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The 2020 Inside Higher Ed Survey of Chief Academic Officers

The 2020 Inside Higher Ed Survey of Chief Academic Officers


“Only 22 percent of provosts believe their institution is very effective at recruiting and retaining talented faculty members, according to the 2020 Survey of College and University Chief Academic Officers by Inside Higher Ed.

The results are the lowest measured to date in the nine years Inside Higher Ed has conducted this survey, and nearly half of what they were from 2012 to 2014.

The totals come from Inside Higher Ed‘s annual survey of provosts (or equivalent job title when a college doesn’t have a provost). This year, 597 provosts answered at least some of the questions in the survey.

Among the findings:

  • Eighty-seven percent of provosts characterize their institution’s academic health as “excellent” or “good.”
  • Nearly all provosts say that that their college is effective in providing a quality undergraduate education, but only 57 percent of the provosts said that their institutions were “very effective.” In addition, when asked about elements of providing a quality undergraduate education, many provosts were ambivalent about how their institutions are doing.

About the Survey

Inside Higher Ed’s 2020 Survey of College and University Chief Academic Officers was conducted in conjunction with researchers from Gallup. Inside Higher Ed regularly surveys key higher ed professionals on a range of topics.

On Tuesday, Feb. 25, at 2 p.m. Eastern, Inside Higher Ed will present a free webcast to discuss the results of the survey. Register here for the webcast.

The Inside Higher Ed Survey of College and University Chief Academic Officers was made possible in part with support from Oracle, Watermark, Phi Kappa Phi and Gallup.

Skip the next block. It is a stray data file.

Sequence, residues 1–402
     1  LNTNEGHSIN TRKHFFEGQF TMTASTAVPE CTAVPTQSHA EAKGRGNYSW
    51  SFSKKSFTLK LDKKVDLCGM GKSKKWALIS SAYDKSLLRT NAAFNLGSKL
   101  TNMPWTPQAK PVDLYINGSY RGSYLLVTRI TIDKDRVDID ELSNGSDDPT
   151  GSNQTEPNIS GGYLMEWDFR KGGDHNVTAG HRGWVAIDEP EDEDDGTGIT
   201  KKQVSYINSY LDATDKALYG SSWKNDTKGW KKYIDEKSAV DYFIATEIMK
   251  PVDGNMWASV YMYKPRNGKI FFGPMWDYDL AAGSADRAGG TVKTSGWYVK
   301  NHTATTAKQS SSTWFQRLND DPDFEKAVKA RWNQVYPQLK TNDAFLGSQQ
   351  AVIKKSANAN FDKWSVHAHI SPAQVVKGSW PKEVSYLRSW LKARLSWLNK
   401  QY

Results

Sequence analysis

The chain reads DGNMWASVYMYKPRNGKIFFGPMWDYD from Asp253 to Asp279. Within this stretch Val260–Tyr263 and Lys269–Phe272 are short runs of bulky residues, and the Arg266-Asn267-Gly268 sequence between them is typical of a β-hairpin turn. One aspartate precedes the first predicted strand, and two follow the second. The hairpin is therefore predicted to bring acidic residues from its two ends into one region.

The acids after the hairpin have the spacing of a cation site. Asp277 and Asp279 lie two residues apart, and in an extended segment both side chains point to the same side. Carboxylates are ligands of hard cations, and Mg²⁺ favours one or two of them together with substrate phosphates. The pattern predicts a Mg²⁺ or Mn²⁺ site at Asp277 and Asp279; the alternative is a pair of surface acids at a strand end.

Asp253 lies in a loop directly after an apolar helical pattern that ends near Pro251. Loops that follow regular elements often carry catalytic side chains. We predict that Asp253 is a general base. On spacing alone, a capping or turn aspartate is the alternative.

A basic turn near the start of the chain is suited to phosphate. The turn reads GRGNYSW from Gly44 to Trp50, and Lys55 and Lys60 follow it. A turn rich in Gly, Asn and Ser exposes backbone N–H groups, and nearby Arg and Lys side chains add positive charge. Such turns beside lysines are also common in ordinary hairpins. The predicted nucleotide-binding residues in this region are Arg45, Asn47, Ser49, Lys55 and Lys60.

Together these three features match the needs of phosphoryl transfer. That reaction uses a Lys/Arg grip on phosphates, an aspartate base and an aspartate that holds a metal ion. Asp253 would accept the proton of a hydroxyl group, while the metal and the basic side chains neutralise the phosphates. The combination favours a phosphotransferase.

• Eighty-one percent of provosts agree or strongly agree that tenure remains important and viable at their institutions. That is a record high figure, but 77 percent of the provosts said that their institution relies significantly on non-tenure-track faculty for instruction — and they don’t see that changing.
  • More than eight in 10 provosts believe that the concept of a liberal arts education is not understood in the United States — even though 87 percent believe that liberal arts education is crucial to undergraduate education.
  • Provosts are divided on whether counting the number of students majoring in a field is an appropriate criterion for deciding whether to eliminate a department. Last year, they were more inclined to disagree.
  • Three-quarters of provosts are concerned about the trend of shutting down departments, now prevalent in higher education.
  • Provosts are much more likely to expect that STEM programs and professional or preprofessional programs will receive major allocation of funds at their institution in the coming year than to think arts and sciences programs will.
  • Seventy-two percent of provosts strongly agree or agree that higher education has tolerated sexual harassment by faculty members for too long, but only 15 percent believe the same about their own institution.
  • Most provosts favor tough policies to prevent sexual harassment, including barring all faculty-student romantic relationships and dismissing tenured faculty members who have been found guilty of harassment. They overwhelmingly believe their college has clear policies in place to prevent sexual harassment by faculty members and that it responds fairly and effectively to such allegations.”


Posted on: February 13, 2020, 8:07 am Category: Uncategorized

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